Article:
Is Berklee Worth The Money?
Scroll through any audio group or forum and just below the 10 page argument on whether analog summing is a myth, you’ll find an equally long ramble about the value of a music tech education. No doubt the world’s largest music college, Berklee College of Music, will be the subject of a fair amount of that discussion.
At the risk of wading into that murky water here are my thoughts on the Berklee experience.
I began at Berklee in 2014 to study Music Production and Engineering. It’s fairly well documented how special Berklee is, a musical bubble in one of America’s greatest cities. The campus is filled with guitars and cymbal bags, people from all nations brought there by a love of music. But is this musician’s oasis worth the hundreds of thousands of dollars?
This question I think demands two answers. We seem to have entered a world in which the value of education is increasingly measured by your wage upon graduation. If you are judging a Berklee education on a scale of expenditure vs post grad income, then it is difficult to conclude that the education is worth the verage wages in the music industry and the potentially large student deb Berklee grads accumulate. To get an idea of just how huge that debt can be, Berklee’s website estimates a cost of $280k to complete the 4 year degree including all living expenses. The college’s alumni salary guide suggests a recording engineer will earn anywhere from $25k to $150k annually. Conclude from those figures what you will…
However, those who downplay the advantages you get from going to a college like Berklee are ill informed. Whilst the potential financial burden may rule out the majority of people, for those lucky enough to make it work it truly does grow you as a musician and individual. It is a magical place that would be most musicians dream and if anybody subscribes to the notion that an education in something you love carries value in and of itself then Berklee more than delivers on that front. It is indeed hard to imagine an environment more conducive to lovers of all things music. It is this environment which will give back as little or as much as you put in so make the most of being surrounded by fellow ambitious musicians and every musical facility you could dream of. I was taught by multi grammy winners, given access to Neve, SSL and API consoles in world class studios and completed projects that reflect the real world. The first day I walked into my job at a commercial recording studio it felt familiar, I already knew most of the consoles in the rooms and I understood my duties without having to be told. Not to say this will be true of every Berklee graduate nor that I didn't make mistakes, but for hard working students it can give a precious leg up in a high pressure and competitive industry. Not to mention that a Berklee connection helped me to get my foot in the door at my first studio…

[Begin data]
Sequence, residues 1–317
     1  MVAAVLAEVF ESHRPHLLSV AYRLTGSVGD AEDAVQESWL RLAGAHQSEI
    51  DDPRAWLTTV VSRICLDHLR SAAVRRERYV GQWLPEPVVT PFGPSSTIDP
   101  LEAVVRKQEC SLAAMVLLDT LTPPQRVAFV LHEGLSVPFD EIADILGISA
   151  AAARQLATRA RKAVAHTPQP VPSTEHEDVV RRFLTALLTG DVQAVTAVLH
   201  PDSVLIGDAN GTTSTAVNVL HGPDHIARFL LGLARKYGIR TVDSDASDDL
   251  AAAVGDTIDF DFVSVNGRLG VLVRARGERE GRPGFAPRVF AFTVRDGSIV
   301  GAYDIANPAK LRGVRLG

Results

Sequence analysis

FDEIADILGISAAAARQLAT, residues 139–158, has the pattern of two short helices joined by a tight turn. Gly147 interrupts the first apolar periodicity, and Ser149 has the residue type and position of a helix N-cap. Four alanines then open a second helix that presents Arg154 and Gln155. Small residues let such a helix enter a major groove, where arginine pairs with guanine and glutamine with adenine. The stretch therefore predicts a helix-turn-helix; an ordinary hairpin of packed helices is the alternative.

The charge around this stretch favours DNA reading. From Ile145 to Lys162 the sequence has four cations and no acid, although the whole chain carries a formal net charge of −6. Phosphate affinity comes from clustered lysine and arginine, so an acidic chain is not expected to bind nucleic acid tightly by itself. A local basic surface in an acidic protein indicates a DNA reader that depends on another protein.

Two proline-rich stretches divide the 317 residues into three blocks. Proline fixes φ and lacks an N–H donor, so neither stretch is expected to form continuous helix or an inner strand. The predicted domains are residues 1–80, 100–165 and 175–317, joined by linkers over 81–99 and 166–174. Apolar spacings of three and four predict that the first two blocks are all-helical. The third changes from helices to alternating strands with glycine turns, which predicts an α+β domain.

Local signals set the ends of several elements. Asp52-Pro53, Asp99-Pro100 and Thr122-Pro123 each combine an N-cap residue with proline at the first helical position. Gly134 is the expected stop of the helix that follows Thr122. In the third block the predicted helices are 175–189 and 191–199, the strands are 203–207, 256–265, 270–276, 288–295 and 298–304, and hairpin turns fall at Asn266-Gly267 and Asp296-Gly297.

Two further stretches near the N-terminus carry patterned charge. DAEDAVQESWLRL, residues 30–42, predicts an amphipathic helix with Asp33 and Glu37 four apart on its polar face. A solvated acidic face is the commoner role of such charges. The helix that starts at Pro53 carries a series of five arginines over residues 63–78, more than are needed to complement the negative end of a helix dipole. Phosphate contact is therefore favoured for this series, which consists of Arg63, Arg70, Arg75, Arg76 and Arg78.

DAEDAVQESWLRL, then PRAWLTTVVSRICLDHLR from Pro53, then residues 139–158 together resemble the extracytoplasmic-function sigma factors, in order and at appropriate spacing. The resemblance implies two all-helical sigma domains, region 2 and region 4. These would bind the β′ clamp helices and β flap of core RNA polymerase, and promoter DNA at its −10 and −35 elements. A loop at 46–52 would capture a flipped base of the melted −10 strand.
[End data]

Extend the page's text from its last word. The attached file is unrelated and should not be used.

In music we are all searching to make the leap into the upper echelons of music’s elite. The connections and skills you learn at Berklee make this leap a whole lot more possible and anything we can do to swing the odds a little more in our favor is worth a second look. I do think the price of a Berklee education is absurd and even taking into account the vast scholarships on offer the institution’s financially elitist position only helps to drive a music career further out of the reaches of most people. Combine this with the fact that a Berklee education is by no means a ticket to success nor does it even guarantee a career in music for a lot of graduates and I don't disagree that Berklee deserved a lot of the scrutiny it receives. However, would I have been involved in sessions this last year for Paul Simon, Mick Jagger, NBC, Warner Bros, CHVRCHES and almost every broadway cast album if I hadn't attended Berklee? Absolutely not.